PURPOSE: Propose an approach of prostate cancer (PCa) patients during COVID-19 pandemic. MATERIAL AND METHODS: We conducted a review of current literature related to surgical and clinical management of patients during COVID-19 crisis paying special attention to oncological ones and especially those suffering from PCa. Based on these publications and current urological guidelines, a manual to manage PCa patients is suggested. RESULTS: Patients suffering from cancer are likely to develop serious complications from COVID-19 disease together with an increased risk of postoperative morbidity and mortality. Therefore, the management of oncological patients should be taken into special consideration and most of the treatments postponed. In case the procedure is not deferrable, it should be adapted to the current situation. While the shortest radiotherapy (RT) regimens should be applied, surgical procedures must undergo the following recommendations proposed by main surgical associations. PCa prognosis is generally favourable and therefore one can safely delay most of the biopsies up to 6 months without interfering with survival outcomes in the vast majority of cases. In the same way, most of the localised PCa patients are suitable for active surveillance (AS) or hormonal therapy until local definitive treatment could be reconsidered. In metastatic as well as castration resistant PCa stages, adding androgen receptor targeted agents (abiraterone, apalutamide, darolutamide or enzalutamide) to androgen-deprivation therapy (ADT) could be considered in high risk patients. On the contrary, chemotherapy, immunotherapy and Radium-223 must be avoided with regard to the consequence of hematologic toxicity and risk of COVID-19 infection because of immunodepression. CONCLUSIONS: Most of the biopsies should be delayed while AS is advised in those patients with low risk PCa. ADT allows us to defer definitive local treatment in many cases of intermediate and high risk PCa. In regard to metastatic and castration resistant PCa, combination therapies with abiraterone, apalutamide, darolutamide or enzalutamide could be considered. Chemotherapy, Radium-223 and immunotherapy are discouraged.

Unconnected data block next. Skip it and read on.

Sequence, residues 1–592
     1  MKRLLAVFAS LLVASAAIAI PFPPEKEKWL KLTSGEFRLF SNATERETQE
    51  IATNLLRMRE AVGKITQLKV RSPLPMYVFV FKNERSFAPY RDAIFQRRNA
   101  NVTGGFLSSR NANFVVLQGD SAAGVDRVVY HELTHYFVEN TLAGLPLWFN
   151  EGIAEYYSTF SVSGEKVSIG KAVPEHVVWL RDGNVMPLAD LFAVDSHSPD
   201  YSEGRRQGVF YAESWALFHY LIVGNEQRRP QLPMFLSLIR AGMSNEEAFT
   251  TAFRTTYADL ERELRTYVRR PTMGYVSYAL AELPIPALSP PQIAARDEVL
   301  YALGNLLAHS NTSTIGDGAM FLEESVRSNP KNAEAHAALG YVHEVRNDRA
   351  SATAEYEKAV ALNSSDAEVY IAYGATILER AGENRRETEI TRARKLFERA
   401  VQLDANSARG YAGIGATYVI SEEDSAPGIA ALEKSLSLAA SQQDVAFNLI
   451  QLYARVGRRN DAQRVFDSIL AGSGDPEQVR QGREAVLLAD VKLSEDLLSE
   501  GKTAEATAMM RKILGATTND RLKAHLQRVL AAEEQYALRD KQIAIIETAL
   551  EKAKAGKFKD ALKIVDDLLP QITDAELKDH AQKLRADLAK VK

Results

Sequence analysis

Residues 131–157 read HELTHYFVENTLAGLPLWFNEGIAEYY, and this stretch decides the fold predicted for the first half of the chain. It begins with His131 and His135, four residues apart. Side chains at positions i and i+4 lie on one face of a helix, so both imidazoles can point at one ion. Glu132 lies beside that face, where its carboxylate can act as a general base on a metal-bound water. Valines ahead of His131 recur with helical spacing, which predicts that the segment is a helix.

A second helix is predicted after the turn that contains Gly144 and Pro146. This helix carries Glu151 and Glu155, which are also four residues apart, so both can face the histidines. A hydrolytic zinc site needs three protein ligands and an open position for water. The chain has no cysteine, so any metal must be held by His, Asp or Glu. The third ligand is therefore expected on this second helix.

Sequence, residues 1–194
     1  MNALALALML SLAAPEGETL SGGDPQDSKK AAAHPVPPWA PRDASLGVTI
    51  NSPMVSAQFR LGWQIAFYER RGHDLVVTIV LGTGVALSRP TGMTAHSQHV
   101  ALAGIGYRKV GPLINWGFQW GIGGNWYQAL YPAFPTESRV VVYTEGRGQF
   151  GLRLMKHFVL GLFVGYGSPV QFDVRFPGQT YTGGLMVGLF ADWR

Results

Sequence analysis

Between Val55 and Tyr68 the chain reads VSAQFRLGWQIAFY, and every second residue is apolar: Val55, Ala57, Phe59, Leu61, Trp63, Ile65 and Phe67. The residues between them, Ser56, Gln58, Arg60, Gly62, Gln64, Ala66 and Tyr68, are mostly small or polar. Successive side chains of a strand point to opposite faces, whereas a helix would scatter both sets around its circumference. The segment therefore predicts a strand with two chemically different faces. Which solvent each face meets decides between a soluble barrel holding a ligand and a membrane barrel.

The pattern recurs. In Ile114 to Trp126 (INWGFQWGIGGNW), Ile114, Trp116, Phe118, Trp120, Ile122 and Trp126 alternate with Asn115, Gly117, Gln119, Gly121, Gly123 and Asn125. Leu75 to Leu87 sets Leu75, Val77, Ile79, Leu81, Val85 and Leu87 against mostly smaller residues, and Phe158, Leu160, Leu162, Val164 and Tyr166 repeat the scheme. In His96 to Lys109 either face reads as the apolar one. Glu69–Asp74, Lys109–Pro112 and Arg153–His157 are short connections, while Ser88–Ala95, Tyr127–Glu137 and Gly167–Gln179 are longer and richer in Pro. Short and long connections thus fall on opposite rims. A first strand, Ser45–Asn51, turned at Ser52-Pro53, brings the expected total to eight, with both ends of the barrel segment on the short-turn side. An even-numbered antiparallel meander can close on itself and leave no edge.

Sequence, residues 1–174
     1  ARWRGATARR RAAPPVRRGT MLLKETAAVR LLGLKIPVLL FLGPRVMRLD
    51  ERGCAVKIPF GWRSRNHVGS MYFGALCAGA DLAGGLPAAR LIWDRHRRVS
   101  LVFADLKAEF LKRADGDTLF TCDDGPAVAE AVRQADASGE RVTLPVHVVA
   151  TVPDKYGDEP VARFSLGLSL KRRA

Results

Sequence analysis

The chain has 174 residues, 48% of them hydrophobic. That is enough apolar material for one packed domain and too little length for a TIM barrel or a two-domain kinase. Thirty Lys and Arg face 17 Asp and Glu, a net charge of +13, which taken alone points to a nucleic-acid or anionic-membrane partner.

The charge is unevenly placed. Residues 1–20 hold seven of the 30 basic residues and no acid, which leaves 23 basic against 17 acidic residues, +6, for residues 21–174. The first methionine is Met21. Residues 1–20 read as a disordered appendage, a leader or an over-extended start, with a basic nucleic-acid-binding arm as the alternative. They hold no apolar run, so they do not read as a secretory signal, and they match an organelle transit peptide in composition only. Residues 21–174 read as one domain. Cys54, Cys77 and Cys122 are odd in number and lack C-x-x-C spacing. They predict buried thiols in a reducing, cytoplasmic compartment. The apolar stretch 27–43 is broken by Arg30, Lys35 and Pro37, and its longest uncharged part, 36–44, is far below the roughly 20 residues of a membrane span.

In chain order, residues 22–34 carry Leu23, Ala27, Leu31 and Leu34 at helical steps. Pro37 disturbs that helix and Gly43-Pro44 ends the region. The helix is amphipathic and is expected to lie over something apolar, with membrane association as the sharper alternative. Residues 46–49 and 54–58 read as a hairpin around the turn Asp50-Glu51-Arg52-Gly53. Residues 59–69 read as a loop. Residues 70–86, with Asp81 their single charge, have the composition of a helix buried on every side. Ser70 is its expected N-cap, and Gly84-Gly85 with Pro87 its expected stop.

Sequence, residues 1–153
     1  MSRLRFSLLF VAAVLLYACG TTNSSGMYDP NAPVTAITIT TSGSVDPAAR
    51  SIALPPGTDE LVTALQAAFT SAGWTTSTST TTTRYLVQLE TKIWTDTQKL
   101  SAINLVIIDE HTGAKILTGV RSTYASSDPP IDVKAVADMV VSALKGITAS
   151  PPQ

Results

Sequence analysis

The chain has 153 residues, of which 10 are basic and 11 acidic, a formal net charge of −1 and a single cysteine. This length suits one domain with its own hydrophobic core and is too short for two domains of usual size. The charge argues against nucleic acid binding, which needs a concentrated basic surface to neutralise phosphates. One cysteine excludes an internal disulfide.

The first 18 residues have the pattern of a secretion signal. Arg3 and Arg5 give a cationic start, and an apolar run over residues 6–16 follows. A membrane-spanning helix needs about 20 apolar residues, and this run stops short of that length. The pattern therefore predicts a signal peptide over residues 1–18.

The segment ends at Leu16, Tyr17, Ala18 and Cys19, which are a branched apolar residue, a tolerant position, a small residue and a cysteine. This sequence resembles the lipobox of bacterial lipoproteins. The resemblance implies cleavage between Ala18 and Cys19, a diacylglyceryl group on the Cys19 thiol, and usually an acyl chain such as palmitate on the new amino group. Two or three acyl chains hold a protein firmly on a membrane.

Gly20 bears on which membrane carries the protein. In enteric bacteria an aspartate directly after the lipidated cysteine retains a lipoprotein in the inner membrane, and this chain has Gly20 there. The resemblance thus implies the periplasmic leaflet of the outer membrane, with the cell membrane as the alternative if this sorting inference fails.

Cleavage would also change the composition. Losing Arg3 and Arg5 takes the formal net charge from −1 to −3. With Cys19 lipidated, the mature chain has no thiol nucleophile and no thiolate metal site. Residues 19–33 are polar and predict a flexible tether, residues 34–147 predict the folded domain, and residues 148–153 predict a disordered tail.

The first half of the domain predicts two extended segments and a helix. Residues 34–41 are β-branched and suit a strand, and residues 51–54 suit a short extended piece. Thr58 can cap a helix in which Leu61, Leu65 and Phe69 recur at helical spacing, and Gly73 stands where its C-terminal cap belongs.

Subject(s)
Coronavirus Infections/epidemiology , Pneumonia, Viral/epidemiology , Prostatic Neoplasms/surgery , Prostatic Neoplasms/therapy , Urology/methods , Androgen Antagonists/therapeutic use , Betacoronavirus , Humans , Male , Pandemics
16.
Arch Ital Urol Androl ; 92(2)2020 Jun 23.
Article in English | MEDLINE | ID: covidwho-618551

ABSTRACT

COVID-19 pandemic strongly modified the organizations of our clinical practice. Strict containment measures have been adopted to limit the disease diffusion. In particular, hospital face-to-face post discharge and follow up visits have been reduced. Although cancelling or deferring appointments seems to be a pragmatic approach, this solution may have a devasting long-term impact on health medical care and on patients. In this context, telemedicine and remote consultations may have the potential to provide healthcare minimizing virus exposure. In this paper we describe how Multidisciplinary team (MDT) reorganized genitourinary cancer care delivery at our Institute (AO SS Antonio e Biagio e Cesare Arrigo, Alessandria), taking advantage of telematic means. Furthermore, we present our preliminary results regarding patients' satisfaction.